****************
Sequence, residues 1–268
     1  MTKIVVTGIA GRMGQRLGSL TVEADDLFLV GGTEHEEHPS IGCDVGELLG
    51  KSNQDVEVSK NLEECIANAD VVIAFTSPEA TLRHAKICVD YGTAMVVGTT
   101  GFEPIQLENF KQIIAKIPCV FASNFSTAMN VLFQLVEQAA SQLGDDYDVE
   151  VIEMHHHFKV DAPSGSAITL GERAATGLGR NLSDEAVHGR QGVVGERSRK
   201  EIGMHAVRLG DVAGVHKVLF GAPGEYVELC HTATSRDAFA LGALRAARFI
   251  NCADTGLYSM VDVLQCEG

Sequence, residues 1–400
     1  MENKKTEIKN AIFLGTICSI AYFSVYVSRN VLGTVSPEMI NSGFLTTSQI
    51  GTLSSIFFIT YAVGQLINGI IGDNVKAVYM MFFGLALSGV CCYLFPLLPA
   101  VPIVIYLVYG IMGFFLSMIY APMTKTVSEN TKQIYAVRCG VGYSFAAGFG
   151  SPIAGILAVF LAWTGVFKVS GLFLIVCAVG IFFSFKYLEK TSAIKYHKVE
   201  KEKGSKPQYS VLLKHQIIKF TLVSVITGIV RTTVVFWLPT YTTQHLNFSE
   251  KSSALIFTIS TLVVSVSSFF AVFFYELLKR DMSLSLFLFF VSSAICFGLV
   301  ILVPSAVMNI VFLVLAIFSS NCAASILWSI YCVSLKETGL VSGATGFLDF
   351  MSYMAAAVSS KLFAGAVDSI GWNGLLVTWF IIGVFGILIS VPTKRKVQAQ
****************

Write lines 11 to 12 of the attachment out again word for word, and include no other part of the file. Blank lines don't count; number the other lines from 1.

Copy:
   101  VPIVIYLVYG IMGFFLSMIY APMTKTVSEN TKQIYAVRCG VGYSFAAGFG
   151  SPIAGILAVF LAWTGVFKVS GLFLIVCAVG IFFSFKYLEK TSAIKYHKVE